On Monday’s show I talked to Columbia law prof Scott Horton Monday about Attorney General Eric Holder’s decision to re-open some alleged prisoner abuse cases for possible prosecution. Here’s the interview:
Navi Pillay: “People who order or inflict torture cannot be exonerated…”
Here’s the WPost piece by Colum Lynch.
Posted in Guantanamo, human rights, Torture, U.S. policy, United Nations
Tagged Colum Lynch, detention, Guantanamo, Navi Pillay, The Washington Post, Torture, U.S. policy
Must-read Bob Woodward piece on the front page of today’s Washington Post:
The top Bush administration official in charge of deciding whether to bring Guantanamo Bay detainees to trial has concluded that the U.S. military tortured a Saudi national who allegedly planned to participate in the Sept. 11, 2001, attacks, interrogating him with techniques that included sustained isolation, sleep deprivation, nudity and prolonged exposure to cold, leaving him in a “life-threatening condition.”
“We tortured [Mohammed al-]Qahtani,” said Susan J. Crawford, in her first interview since being named convening authority of military commissions by Defense Secretary Robert M. Gates in February 2007. “His treatment met the legal definition of torture. And that’s why I did not refer the case” for prosecution.
Read the rest here.
The NYT’s Eric Lichtblau reports on Mukasey’s remarks to journalists yesterday:
Attorney General Michael B. Mukasey said Wednesday that he saw no need for President Bush to issue blanket pardons of officials involved in some of the administration’s most controversial counterterrorism policies.
Mr. Mukasey told reporters that there was “absolutely no evidence” that anyone involved in developing the policies “did so for any reason other than to protect the security in the country and in the belief that he or she was doing something lawful.”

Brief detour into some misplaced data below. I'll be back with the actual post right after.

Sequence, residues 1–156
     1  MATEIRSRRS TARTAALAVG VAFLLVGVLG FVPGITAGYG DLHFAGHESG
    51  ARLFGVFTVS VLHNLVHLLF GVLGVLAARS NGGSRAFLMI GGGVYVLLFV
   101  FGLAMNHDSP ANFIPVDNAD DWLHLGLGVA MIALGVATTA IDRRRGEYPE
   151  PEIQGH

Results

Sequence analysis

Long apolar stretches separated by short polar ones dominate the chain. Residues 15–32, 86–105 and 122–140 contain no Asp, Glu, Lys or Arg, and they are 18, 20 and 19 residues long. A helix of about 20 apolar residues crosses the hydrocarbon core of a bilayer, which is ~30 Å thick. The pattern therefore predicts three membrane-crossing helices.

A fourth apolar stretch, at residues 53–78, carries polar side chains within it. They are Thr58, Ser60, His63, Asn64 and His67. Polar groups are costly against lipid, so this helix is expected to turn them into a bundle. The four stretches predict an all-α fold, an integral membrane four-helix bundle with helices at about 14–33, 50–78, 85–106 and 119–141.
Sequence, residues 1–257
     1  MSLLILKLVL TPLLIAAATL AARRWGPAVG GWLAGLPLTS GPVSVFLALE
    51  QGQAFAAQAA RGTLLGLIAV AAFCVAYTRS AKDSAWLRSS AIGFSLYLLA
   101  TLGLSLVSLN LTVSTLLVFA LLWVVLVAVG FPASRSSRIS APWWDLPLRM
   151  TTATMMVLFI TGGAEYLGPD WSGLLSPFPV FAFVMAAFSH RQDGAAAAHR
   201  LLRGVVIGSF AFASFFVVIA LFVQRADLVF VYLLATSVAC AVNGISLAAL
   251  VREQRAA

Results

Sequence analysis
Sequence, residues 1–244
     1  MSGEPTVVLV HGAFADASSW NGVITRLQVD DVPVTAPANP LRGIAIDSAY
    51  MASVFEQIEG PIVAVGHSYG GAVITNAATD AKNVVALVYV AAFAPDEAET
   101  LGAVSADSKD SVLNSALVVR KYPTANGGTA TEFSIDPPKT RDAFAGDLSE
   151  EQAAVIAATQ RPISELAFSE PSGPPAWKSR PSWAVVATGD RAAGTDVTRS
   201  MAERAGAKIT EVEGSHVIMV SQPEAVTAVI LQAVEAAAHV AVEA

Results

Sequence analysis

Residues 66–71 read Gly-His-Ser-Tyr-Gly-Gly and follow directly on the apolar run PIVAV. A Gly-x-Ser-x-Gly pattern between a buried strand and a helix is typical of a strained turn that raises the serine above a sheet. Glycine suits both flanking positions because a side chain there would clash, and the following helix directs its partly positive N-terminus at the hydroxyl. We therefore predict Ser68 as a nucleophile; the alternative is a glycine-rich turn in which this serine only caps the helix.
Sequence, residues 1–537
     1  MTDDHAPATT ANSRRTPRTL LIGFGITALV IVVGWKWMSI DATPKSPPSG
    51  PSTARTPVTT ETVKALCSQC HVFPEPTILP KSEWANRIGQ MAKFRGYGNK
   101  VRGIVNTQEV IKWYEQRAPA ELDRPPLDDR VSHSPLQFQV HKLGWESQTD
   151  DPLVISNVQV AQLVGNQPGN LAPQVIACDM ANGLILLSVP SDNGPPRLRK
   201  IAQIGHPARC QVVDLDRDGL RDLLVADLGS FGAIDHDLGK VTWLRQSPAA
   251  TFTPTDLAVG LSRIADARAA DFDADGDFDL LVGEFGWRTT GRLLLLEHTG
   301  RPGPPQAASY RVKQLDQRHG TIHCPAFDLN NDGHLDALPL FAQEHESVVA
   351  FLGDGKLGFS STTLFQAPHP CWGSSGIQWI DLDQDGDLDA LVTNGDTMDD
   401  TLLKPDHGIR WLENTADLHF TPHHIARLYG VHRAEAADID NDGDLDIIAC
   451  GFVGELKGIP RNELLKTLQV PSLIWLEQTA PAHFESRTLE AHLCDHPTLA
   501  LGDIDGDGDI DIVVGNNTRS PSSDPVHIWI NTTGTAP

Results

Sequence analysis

Here’s the rest:
Here’s an update (from Tuesday’s program) on how Obama’s national security team is shaping up and what that might mean for the foreign policy agenda:
Today I look at the question of how Obama will confront the torture question–and the legacy of the harsh interrogation tactics authorized by Bush Administration officials. Some human rights advocates are calling for a special prosecutor, others for a truth commission. Lawyers lay out the pros and cons of a major investigation. Here’s the story:
The International Center for Transitional Justice (www.ictj.org) has been exploring this issue as part of its U.S. Accountability Project.
Alan Brinkley has a review of Jane Mayer’s The Dark Side: The Inside Story of How the War on Terror Turned Into a War on American Ideals in tomorrow’s NYT Book Review. He calls it “a powerful, brilliantly researched and deeply unsettling book.” His concluding paragraph:
The Bush administration is not, of course, the first or only regime to violate civil liberties. John Adams, Abraham Lincoln, Woodrow Wilson and Franklin Roosevelt all authorized or tolerated terrible violations of civil and human rights, all of them in response to great national and global crises. In some respects, the Bush administration is simply following a familiar path by responding to real dangers with illegal and deplorable methods. But Jane Mayer’s extraordinary and invaluable book suggests that it would be difficult to find any precedent in American history for the scale, brutality and illegality of the torture and degradation inflicted on detainees over the last six years; and that it would be even harder to imagine a set of policies more likely to increase the dangers facing the United States and the world.